THE GIST of Editorial for UPSC Exams : 17 October 2020 Best way out (Indian Express)

Best way out (Indian Express)

Mains Paper 2: International Relations 
Prelims level: International Monetary Fund
Mains level: Important International institutions, agencies and fora, their structure, mandate


  • The International Monetary Fund’s (IMF) latest World Economic Outlook underlines the extent of the dislocation in economic activities across the world due to the COVID-19 pandemic.
  • At the aggregate level, the Fund expects the global economy to contract by 4.4 per cent in 2020, with sharp differences across countries.
  • For the Indian economy, the Fund’s prognosis is grim.
  • The IMF now expects the Indian economy to contract by 10.3 per cent this fiscal year, worse than its earlier forecast, and that of the RBI’s.
  • Of the major economies, only two others, Italy and Spain, are expected to contract in double digits.

Reversal of trend:

  • The Fund’s latest assessment comes at a time when the signals from the BJP-ruled Centre suggest a reversal of decades of trade liberalisation and a return to the failed policies of self-sufficiency or atmanirbharta.
  • A comparison with Bangladesh in this regard is instructive.
  • According to the IMF’s medium-term forecasts, Bangladesh’s per capita GDP is expected to overtake India’s this year, though as the Indian economy rebounds next year, the situation is likely to reverse.
  • However, over the five-year period ending in 2025, Bangladesh’s per capita GDP is expected to grow at a slightly higher pace, implying that in 2025, its per capita income would be $2,756, marginally higher than that of India’s at $2,729.
  • In part, Bangladesh’s recent economic performance, and differences between the two countries can be traced to the former’s stellar export performance, especially in garments and apparel.
  • In comparison, India’s exports have remained sluggish, as export pessimism has taken hold.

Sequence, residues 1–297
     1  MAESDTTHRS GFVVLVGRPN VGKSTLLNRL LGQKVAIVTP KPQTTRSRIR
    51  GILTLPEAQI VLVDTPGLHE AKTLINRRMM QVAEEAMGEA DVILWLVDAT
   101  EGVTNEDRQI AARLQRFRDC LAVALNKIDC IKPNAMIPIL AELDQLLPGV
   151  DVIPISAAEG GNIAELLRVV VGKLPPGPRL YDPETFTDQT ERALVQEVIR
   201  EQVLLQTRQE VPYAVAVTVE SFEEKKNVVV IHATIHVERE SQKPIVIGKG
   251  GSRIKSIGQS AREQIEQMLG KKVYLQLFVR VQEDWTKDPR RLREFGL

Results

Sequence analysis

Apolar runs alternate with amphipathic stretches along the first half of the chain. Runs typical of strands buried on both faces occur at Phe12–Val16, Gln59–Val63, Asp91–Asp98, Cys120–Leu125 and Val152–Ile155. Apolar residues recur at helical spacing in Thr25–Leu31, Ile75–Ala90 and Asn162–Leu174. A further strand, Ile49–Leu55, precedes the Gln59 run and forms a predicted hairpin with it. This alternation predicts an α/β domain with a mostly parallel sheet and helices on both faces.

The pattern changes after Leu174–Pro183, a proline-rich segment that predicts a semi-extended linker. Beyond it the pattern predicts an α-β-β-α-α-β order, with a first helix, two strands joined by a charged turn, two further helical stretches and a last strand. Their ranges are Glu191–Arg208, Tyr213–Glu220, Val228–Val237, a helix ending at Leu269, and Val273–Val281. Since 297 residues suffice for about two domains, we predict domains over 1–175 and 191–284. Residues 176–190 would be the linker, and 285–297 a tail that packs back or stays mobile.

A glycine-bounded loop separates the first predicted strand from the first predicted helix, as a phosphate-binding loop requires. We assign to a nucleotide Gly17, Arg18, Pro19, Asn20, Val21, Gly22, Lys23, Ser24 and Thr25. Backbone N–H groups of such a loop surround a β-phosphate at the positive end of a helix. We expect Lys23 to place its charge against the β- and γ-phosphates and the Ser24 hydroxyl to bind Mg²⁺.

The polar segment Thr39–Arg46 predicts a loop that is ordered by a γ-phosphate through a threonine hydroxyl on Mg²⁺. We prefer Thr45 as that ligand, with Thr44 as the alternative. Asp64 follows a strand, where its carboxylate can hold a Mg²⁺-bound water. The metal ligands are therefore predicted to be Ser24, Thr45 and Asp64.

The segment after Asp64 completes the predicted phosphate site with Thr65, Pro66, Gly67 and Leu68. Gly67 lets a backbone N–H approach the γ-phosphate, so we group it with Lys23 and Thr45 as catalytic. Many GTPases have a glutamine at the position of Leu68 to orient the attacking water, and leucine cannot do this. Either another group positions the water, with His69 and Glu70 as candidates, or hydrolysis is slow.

Drivers of growth:

  • In the current context, with three of the four drivers of growth struggling, exports could provide the much-needed fillip to India’s economy.
  • However, this would require India to reverse its recent stance on trade — lower rather than raise tariffs, embrace free trade agreements, and seek greater integration with global supply chains.
  • Former chief economic advisor wrote that with wages in China rising, it has vacated about $140 billion in exports of unskilled labour intensive sectors, including apparel, clothing, leather and footwear.
  • While countries like Bangladesh are better placed to take advantage of this opportunity, post-COVID, as companies try to hedge their supply chain risks, and shifts away from China intensify, this will provide India yet another opportunity.
  • However, this will require the government to pivot away from protectionism.


  • Like Bangladesh, India should focus on world market, shun protectionism, seek greater integration with global supply chains.

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Prelims Questions:

Q.1) With reference to the RBI Deputy Governors, consider the following statements:
1. The Appointments Committee of the Cabinet has approved the appointment of RBI’s senior-most Executive Director M. Rajeshwar Rao as Deputy Governor.
2. The RBI needs four Deputy Governors: two from within the ranks, a commercial banker and an economist to head the monetary policy department.

Which of the statements given above is/are correct?
(a) 1 only
(b) 2 only
(c) Both 1 and 2
(d) Neither 1 nor 2

Answer: C

   Mains  Questions:

Q.1)Describe the key highlights of the IMF’s World Economic Outlook.